For very much the same reason, there is no reason to think that a president or Supreme Court Justice strongly committed to abortion rights would want to upend the Casey undue burden standard. Whatever one thinks of Casey's rulings on waiting periods, parental rights, and informed consent requirements, it is unimaginable that a coalition of 5 pro-choice Justices would stand together to overturn these rulings and restore the Roe trimester test. To accomplish such a transformation, pro-choice presidents would need to be strongly committed to the restoration of Roe and would need to have several opportunities to appoint Justices also committed to the restoration of Roe (not to mention the fact that efforts to restore Roe would be resisted by lawmakers and the American people). Instead of such a radical transformation, it is far more likely that pro-choice Justices will apply Casey in ways that protect abortion rights.
For pro-choice advocates, the rub here is that states who want to limit abortion rights have already gotten most of what they want. As noted, states consistent with public opinion favor limited abortion rights. Those limits have largely been approved by federal courts of appeals or the Supreme Court. There is little reason to think that the federal courts will revisit these rulings. States strongly resisted Roe during the 1973-1989 period and there is no reason to think that the Court would want to find out whether states would also resist the overturning of post-1992 decisions approving abortion regulations under Casey. Of course, pro-choice advocates would prefer a Court more committed to abortion rights than today's Court. Likewise, just as the Roberts Court's approval of the federal partial birth ban was symbolically important, it would also be symbolically important for pro-choice appointees to lead the charge against ultrasound regulations and possible as applied challenges to partial birth bans.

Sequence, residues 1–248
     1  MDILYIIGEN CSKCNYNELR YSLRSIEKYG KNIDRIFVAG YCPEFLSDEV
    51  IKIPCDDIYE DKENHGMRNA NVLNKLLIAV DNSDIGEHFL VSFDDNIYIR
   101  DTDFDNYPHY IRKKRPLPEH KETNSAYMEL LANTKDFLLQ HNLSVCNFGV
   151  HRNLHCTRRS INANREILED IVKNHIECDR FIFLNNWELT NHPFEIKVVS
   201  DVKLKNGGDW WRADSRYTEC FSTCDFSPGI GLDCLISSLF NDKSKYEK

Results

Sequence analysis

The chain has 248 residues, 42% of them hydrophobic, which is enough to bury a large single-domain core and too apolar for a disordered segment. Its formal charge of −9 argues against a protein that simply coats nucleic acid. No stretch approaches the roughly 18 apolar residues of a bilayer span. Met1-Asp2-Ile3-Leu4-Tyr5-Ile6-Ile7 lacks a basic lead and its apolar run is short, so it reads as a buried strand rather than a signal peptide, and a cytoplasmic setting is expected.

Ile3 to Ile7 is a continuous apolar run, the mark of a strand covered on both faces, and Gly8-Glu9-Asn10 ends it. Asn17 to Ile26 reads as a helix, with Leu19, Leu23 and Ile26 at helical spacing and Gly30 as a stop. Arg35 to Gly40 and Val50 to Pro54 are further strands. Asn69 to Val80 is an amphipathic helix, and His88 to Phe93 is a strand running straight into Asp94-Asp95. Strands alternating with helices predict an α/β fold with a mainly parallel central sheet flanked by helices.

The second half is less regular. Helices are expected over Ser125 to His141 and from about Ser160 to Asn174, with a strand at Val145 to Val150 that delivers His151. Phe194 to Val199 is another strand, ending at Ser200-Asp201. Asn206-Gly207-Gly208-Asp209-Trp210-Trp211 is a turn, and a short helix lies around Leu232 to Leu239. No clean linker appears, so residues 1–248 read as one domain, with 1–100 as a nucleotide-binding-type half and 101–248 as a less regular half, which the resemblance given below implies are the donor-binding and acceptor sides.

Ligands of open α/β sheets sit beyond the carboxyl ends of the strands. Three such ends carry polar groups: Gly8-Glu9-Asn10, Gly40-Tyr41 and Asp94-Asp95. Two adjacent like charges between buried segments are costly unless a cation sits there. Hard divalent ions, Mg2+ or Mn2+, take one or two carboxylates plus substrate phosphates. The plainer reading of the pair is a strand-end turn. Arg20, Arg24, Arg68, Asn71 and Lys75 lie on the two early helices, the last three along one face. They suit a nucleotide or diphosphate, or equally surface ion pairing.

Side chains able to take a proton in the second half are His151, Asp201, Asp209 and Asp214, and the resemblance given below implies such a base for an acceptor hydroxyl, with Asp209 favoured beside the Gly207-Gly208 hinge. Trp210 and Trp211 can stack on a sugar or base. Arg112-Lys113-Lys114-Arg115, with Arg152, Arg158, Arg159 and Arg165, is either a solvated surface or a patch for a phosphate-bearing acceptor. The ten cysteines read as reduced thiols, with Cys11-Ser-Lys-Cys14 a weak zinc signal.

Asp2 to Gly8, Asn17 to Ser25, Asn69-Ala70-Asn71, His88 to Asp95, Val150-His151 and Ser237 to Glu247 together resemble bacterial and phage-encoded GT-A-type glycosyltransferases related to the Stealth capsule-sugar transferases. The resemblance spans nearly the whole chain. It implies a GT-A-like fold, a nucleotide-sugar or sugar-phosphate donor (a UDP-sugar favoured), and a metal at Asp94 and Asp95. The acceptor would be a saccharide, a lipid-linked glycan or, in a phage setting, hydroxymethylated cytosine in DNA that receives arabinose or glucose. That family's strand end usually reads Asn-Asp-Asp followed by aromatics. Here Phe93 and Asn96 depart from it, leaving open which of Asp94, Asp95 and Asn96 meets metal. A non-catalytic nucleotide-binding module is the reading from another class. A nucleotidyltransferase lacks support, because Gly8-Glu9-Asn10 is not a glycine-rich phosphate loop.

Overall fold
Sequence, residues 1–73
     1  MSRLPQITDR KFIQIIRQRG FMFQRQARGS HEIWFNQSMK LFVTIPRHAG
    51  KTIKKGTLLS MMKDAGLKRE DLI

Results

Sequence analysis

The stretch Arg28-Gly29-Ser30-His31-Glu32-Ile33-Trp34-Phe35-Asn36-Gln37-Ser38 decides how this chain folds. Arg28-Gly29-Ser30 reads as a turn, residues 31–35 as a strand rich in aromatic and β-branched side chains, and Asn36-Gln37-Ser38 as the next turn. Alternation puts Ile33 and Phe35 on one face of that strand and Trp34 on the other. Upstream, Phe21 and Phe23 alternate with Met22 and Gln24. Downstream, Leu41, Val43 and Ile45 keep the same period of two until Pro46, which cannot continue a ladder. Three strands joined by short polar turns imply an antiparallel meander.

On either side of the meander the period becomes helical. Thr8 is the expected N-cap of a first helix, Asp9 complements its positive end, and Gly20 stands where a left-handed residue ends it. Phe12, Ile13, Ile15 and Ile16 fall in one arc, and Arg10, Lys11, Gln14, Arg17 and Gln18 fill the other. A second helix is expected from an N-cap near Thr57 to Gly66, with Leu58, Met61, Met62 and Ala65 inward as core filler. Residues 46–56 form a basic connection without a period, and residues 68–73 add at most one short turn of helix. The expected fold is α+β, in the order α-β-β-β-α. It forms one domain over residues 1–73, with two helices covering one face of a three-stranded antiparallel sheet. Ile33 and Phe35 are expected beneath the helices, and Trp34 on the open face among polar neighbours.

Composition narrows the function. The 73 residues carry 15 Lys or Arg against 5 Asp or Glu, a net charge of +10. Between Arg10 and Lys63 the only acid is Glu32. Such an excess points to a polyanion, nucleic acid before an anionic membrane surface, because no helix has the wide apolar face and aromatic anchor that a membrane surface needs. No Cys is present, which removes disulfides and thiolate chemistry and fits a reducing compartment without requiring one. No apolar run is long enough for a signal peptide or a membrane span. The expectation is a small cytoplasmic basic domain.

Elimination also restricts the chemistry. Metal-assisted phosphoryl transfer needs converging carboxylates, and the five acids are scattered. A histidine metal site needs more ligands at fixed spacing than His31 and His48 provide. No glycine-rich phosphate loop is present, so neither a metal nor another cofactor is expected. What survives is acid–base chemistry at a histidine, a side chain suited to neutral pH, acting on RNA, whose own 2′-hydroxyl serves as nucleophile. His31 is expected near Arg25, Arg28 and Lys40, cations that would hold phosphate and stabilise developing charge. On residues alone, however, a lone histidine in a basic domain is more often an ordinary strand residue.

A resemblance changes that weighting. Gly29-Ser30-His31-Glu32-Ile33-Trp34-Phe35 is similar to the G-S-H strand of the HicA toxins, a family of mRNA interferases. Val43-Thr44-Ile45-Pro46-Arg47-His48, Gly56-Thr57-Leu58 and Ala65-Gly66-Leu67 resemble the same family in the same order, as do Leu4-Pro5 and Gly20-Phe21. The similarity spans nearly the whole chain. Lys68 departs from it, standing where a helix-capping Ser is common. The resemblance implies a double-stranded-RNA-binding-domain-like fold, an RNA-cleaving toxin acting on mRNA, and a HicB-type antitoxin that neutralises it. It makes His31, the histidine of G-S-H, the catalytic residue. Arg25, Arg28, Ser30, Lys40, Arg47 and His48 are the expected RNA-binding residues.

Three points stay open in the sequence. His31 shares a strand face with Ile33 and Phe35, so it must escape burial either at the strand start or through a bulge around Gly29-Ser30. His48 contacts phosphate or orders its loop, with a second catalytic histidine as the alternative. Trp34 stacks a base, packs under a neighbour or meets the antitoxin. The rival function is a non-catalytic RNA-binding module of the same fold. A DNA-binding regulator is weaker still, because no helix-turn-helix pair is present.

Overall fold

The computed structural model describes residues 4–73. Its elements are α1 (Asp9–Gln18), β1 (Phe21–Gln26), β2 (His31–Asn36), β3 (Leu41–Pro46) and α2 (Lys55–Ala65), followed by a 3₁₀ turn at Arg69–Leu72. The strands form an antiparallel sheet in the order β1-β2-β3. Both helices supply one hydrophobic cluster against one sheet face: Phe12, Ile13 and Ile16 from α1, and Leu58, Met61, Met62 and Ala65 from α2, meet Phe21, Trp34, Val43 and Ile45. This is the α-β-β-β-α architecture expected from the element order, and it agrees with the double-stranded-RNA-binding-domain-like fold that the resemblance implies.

So decades worth of sturm und drang about abortion rights now appears to be little more than a fight over legislation that—while undoubtedly important--does not meaningfully alter the abortion landscape. But that is where we are today and I suspect that we will be at exactly the same place after this November's elections and for quite some time afterwards. To repeat what I stated at the start of this post: By rejecting the absolutist visions of pro-choice and right-to-life interests, Casey established a framework by which states could limit abortion rights in ways that matched majoritarian preferences. More than establish a standard, Casey also approved specific state laws (waiting periods, informed consent, parental consent). These specific laws became a template for subsequent state regulation of abortion. Indeed, although states have pursued some other abortion-related initiatives (most notably partial birth abortion), the all-or-nothing stakes that characterized 1987-1992 abortion politics are well behind us. Today, most states steer clear of the abortion wars and those that enact legislation pursue measures that are of comparatively little practical consequence. Consequently, although Democratic and Republican nominees might reach different judgments on the constitutionality of ultrasound requirements and partial birth bans, today's abortion wars are largely about rhetorically powerful symbols. These symbols sustain pro-choice and pro-life forces. But they are no more than a shadow of the profoundly important 1987-1992 battles that culminated in the Casey decision. Posted